NOTES AND COMMENTS. | There IS an air of almost feveri-?b excitement about 'the war news. .Figh ti ng on all fronts is proceeding vigorously, although the various actions are on a scale that does not, carry the grand effects of what people were beginning to look for. Horace Walpole once remarked that it was necessary to enquire every morning where the latest vic- tory took place, for fear of missing one." The spirit of that remtark applies. to-day, especially as any hour now may bring news that a fresh advance has been accom- plished by the Allies. The under- current of reports from all the fronts suggests that something important is going to happen somewhere. Whether the pressure will be in- creased is a point that cannot be settled by anyone outside the group of commanders in charge of the operations. But what we can, and are entitled, to bear in mind is that whatever work in the shape of advance on the East of Europe is not accomplished by the end of next month must stand over until next spring. At the beginning of October the winter will be settling upon the trans-Dvina provinces, and it will be almost beyond human powers to carry on the active phases of an offensive campaign. Meanwhile, everyone is watching the progress of the Russians in Galicia and on the Carpathians, where a considerable amount of mystery still surrounds the opera- tions. Everything, so far as! can be told at the time of writing, depends upon whether Gen. Sheherbacheff. who is pursuing Bothmer, can hold and delay him sufficiently t.o allow the two wings to close it. General L is reported at Mc^wp.- pol, well on the road to Halicz, while at the latter town it is cer- tain that the Austrians can make no stand. The position there is al- ready turned. On the northern flank of the Austrians General Sakharoff is well across the railways to Lemberg. Much must depend upon the speed with which he can move. He is in difficult country, and the time he has will probably not be sufficient to enable him to close all the northern avenues lo Lemberg. If he could do that the whole army of Bothmer would be- come a prize. We merely point out one of the possibilities of a situ- ation which will be developing for probably a week to come. But the number of prisoners taken within the last few days shows that the progress made is on satisfactory lines so far. Gains by the British and French may be small compared with the vast extent of the battlefield, but they are consistent. No one can tell with certainty what the strength of the forces now at the Kaiser's disposal really is. The fact that a large number of old men and young lads are taken prisoners may mean little or much. Whatever troops have been in the field on the Wes- tern front, they have put up a fairly strong fight, and have not revealed what reserves the Kaiser has, either in Germany or in Austria. That is the crux of the whole question. Sup- pose the war is not ended this year, what sort of armies will the Kaiser reorganise during the winter and put into the trenches in the spring ? A calculation of the possibilities put at the highest total, shows that in the long run the Kaiser cannot hope to come out victorious. We have been accused by some of our critics of being pessimistic. Nothing could state the case more inaccurately. In spite of such wil- ful! misrepresentation, we have fol- lowed the lead of Lord Kitchener, Mr. Asquith, and Mr. Lloyd George, who have consistently looked ?ac''s in the face and advised the people of the nation to regard this as a long war. The chief concern of any- one just now ought to be the prob- able duration of the war, and we should not be led astray by brilliant strokes of success to expect a speedy termination of hostilities. The most disastrous ad vice given to the nation was by those who, in 1914, prophe- sied the end of the war in three months. What are the prospects now? Nothing but a breakdown of the Alliance can prevent the ultimate defeat of the enemy—nothing, that is, so long as the workers in Eng- land continue to supply munitions in the quantity required, and the I i silver bullets. silver bullets." That much Is certain. But when we turn to the second phase of the question, the situation is not quite so clear. If Austria is beaten to her knees and breaks away from Germany, Bul- garia and Turkey will be bound to follow suit. But that would not of necessity mean the immediate de- feat of Germany. The Kaiser has at his command supplies of men and material and defended posi- tions, all quite strong enough to maintain for some time to come the desperate fight with back to the wall that has been threatened all along. Therefore, the Allies are wise in preparing to the fullest ex- tent for a winter campaign, and the people at home should do the same. The dramatic incident may happen at any time, but its probability is not sound enough to wager upon. There is this great factor-the Kaiser and his advisers know. now that they have made a mistake. To cave in would mean a severe re- vulsion of feeling amongst the Ger- man people, and if the government at Berlin is to go down, it must go down in a collapse forced upon it by the Allied armies in the field. That is the end to which all en- deavour must be applied. As to what shall be done after the war as a recognition'' of the murder of Capt. Eryatt, and other similar dastardly incidents, the Prime Minister's announcement that the Government had decided upon resor-ting to diplomatic mea- sures has not set the Thames on fire. It savours too much of the old woman who called a mischievous urchin a naughty little boy." Something more drastic than that must be adopted if public feeling is to be satisfied. The only just punishment would be to send the Kaiser"to pick oakum at Dartmoor, and the Crown Prince, Bethmann Hollweg, and'a few more of them to crack stones at Portland. The admirable dash 6f the French I soldier has sometimes been praised at the expense of his not less ad- mirable tenacity. The battle of Verdun is a signal demonstration that his dogged perseverance is not inferior to his traditional elan. His heart is always in the cause when France is in danger and when he has faith in his chiefs. The last campaigns of Louis XIV., when the country was exhausted and dis- couraged by successive defeats, when it was visited by famine as well as by war, and was bankrupt in. men and money, are one example of the unbending patrioism with which France confronts her enemies when her life is at stake. What nation ever made a more splendid effort to save itself than the France of 1813 after the awful disaster of the Russian campaign, or the France of 1814, after the fatal disaster of Leipzig ? The spirit which fills France now is the spirit which baffled Prince Eugene, which raised the armies of Lutzen and Bautzen and Dresden, and which inflicted defeat after de- feat upon all the chierf military í powers of Europe when their troops had poured over her frontiers. France has been splendid in attack. She has not been less splendid in defence. This spirit is still alive in the French-Canadian Battalions now in France. One battalion which left Quebec with the first Canadian contingent was fighting in the trenches within two days of landing in France, and out of their original thousand, only 200 and six officers remained. The French- Canadian Brigade now in training are ready to follow in the footsteps of their Verdun brothers. The un- broken solidarity of the whole of the Province of Quebec is one of the greatest contributions we have had to the war. Mametz Woods, like Suvla Bay, has poignant memories for Llan- ellyites. Many a Llanelly boy has made the supreme sacrifice at both places, and the soil which is their last resting place will ever remain sacred to those who love and honour them in death as in life. At Suvla Bay the 4th Welsh, which was chiefly composed of Llanelly men-- valorous deeds, which thrilled the world a year ago, were performed, and the anniversary has just been commemorated. Recently, in the vicinity of Mametz Woods, the 15th Welsh (Carmarthenshire Battalion) showed the stuff that heroes are made of. Since then the unspeak- ably sad news has been coming to hand of Llanellyites who fell in the fight. Each succeeding week the roll of honour is being added to, but despite the losses there remains an unfaltering determination to make victory doubly sure. From letters received from officers and men in the Carmarthenshire Battalion, it appears that telescopes are sadly needed. An urgent appeal has been sent to the Llanelly Town Clerk (Mr H. W. Spowart) to use his influ- ence in the hope of supplying the needful. Telescopes play an important part in the warfare in Flanders and France, and as they cannot be got in sufficient quantities by those ia authority, the Carmarthenshire Bat- talion appeal to those who are patri- otic a.nd happen to have telescopes, to send them on. The appeal, of course, is not confined to Llanelly or even Carmarthenshire, as Mr. Spowart will gladly accept such gifts from any quarter for trans- mission to the Carmarthenshire Battalion. We can only hope it. will not fall upon deaf ears. The supply of wheat on passage is fair, but the stocks are in specu- lative hands." We do not know what warrant there is for the latter part of this statement, nor are we told on which side of the Atlantic the speculative hands are located, but it is quite certain that with bread at 9d. a loaf the stocks of wheat ought not to be allowed to rest in speculative hands. We can look for every kind of unrest in the -working-class mind if it is authori- tatively known that the price of wheat is being manipulated by a band of men who are only concerned to make fortunes for themselves. According to reports the wheat crops'of this year are exceptionally good the world over. It is on top of that news that wheat jumped 9:z,. in price at Newcastle on a single day. In view of the determined efforts made by the United States to secure the trade of South America, it is re- freshing to know that British cot- ton manufacturers are holding their own well in that part of the world, despite war conditions. Statistics are to hand from New York of the exports of cotton goods during the first four months of 1916 from Great Britain to the South American Re- publics. The figures show that 48 million yards were sent out to Ar- gentina, as against 37 million yar.ds in the first four months of 1914, the period immediately before the war. To Brazil eighteen million yards were exported from this country this year, or two million yards more than for the first four months of 1914; Chile received nineteen mil- lions and Uruguay nine and a half million yards, compared with five millions during the same period two years earlier. Peru, however, does not compare well, for only three and a half million yards were despatched in the first four months of 1916, while nine and a. half million yards went out from this country in 1914. It is generally admitted that trade competition will be particularly keen in South America after the war, and the United States is al- ready using every endeavour to de- velop commercial interests in the Latin Republics. With full know- ledge of these facts, it is distinctly interesting to have such satisfac- tory returns regarding British cot- ton cloth experts, and the figures should prove encouraging to our manufacturers. No small amount of uneasiness is felt at Llanelly with regard to the future of the tinplate trade, which, notwithstanding the many vicissi- tudes through which it has passed since the outbreak of war, has sur- vived. It is mainly to this fact the immunity from civil distress that the town has enjoyed is due. When war was declared the inhabitants were very apprehensive, and, like many other localities voluntarily set themselves the task of building up a formidable War Relief Fund which, as no civil distress has arisen, has been used to augment the separation allowances provided by the Government to the depen- dents of our brave soldiers and sailors who are fighting for the right. This has been rendered necessary because, while those who used to be employed by large manufac- turers have their families cared for — -■■■ 1 — by their employers and comrades, hundreds were not so happily situ- ated, being engaged before the war by small employers, whose pecuni- ary position precluded them from contributing to the maintenance of dependents. It is to meet such cases that the local Relief Fund is utilised, the recipients being the'de- pendents of soldiers and sailors whose former employers cannot afford to contribute so handsomely as the large manufacturers, For the past 18 months this has been the position of affairs, and the ex- planation is necessary, as some mis- apprehension exists with regard to the matter. The committee administering the War Relief Fund only found it necessary to relieve civil cases dur- ing the first few months of the war. They allowed the dependents of soldiers whose employers were un- able to provide for them a sum al- most equivalent to the scale paid at the works. This generous treatment continued until some time before Christmas last, when, owing to the fund's depletion, it was deemed ex- pedient to husband the resources. Since then it has only been pos- sible to make a donation of 2s. per head, and even this small allow- ance menaces the existence of the fund, as the payments each week exceed the receipts. Unless the subscriptions are increased, the JE200 which remains in hand will soon disappear, and in view of the undertaking given by the Mayor to Llanelly's loyal soldiers when they co nobly responded to the call—that their dependents would be cared for in their absence—it behoves those who remain to see that the pledge is kept.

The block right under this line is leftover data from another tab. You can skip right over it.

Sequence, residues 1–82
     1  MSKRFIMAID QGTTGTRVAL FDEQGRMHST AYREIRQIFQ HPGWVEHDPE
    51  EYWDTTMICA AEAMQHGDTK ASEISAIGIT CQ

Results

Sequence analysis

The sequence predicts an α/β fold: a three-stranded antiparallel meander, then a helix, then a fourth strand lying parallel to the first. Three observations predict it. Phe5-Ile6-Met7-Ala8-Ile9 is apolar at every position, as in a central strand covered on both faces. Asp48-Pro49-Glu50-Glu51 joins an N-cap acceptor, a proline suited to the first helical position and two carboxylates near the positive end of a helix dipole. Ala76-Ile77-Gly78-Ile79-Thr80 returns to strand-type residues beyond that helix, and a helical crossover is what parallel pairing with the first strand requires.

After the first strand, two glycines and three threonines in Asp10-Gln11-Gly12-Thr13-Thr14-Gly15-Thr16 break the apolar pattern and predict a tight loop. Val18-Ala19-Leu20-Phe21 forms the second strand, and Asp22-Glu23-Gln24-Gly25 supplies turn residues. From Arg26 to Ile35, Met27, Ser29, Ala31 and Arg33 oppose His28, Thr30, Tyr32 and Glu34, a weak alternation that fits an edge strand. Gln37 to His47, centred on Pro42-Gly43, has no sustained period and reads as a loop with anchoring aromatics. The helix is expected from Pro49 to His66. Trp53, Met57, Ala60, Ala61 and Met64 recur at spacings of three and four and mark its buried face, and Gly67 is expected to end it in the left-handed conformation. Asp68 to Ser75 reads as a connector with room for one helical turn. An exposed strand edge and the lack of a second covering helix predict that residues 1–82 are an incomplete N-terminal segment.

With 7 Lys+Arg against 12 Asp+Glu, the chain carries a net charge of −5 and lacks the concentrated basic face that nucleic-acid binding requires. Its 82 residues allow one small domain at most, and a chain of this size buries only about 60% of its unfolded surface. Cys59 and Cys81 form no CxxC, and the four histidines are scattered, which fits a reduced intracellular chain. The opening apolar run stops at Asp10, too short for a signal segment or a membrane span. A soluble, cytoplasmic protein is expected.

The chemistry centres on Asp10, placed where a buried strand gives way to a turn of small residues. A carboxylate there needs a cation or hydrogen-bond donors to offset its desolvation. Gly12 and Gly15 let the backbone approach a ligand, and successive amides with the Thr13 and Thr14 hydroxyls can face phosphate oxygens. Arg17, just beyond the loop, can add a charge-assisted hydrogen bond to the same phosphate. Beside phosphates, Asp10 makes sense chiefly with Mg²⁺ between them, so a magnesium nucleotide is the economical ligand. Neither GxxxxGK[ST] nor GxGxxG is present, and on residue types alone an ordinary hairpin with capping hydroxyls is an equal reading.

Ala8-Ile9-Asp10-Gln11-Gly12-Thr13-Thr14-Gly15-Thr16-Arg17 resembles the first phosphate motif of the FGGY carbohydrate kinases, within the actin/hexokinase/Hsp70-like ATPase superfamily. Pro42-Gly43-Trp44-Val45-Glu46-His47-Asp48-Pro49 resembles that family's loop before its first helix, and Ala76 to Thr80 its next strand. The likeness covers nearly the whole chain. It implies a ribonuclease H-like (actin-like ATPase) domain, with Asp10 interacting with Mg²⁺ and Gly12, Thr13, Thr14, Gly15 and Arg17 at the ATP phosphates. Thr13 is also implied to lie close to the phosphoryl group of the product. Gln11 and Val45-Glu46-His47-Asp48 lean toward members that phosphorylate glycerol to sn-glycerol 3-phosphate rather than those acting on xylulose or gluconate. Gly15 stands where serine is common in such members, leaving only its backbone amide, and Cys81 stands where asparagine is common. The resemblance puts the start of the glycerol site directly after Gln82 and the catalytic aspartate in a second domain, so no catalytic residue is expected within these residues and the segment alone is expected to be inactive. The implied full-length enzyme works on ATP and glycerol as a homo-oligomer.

———— ￼ SWANSEA. I The, Manselton Branch of tho Order of Reel)ubites held their annual outing at Singleton Woods. The need of a public shelter near the slip has been demonstrated again this week. During the heavy and tnuUlen showers visitors to the Sands have had anything but pleasant experiences. It has been pitiable to see little children caught in the rain and unable to obtain any shelter except such as was forthcoming by huddling against the wall. where, how- ever, they soon became drenched to the skin A serious accident was only narrowly averted in Swansea on Thursday evening. A motor cyclist, with a side-car, was pro- ceeding along Oxford-street towards flie?, West-end, and another, also with a side- car, was coming down Argylc-street from St. Helen's-roacl. At the crossing of the streets they collided somewhat violently. Thll machines were damaged, but the motorists and the occupants of the side- cars escaped injury. The boys of the Swansea Bonymaen In- dustrial School, now encamped at Senny- bridge, on Wednesday last, gave a concert at the Market Hall, Sennybridge, in aid of the Penoyre Red Cross Hospital. The programme, which was enthusiastically received by ft large audience, consisted of selections by the School Brass Band, solos by Mr. Dewi Edwards, Mr. E. T. Hopkins, and Master Maddon, and concluded with the School Minstrels. The funds of the hospital benefited by over £10. The chair- man was the Rev. A. Garnona Williams, Llwyncyntefn (vicar of Penbont).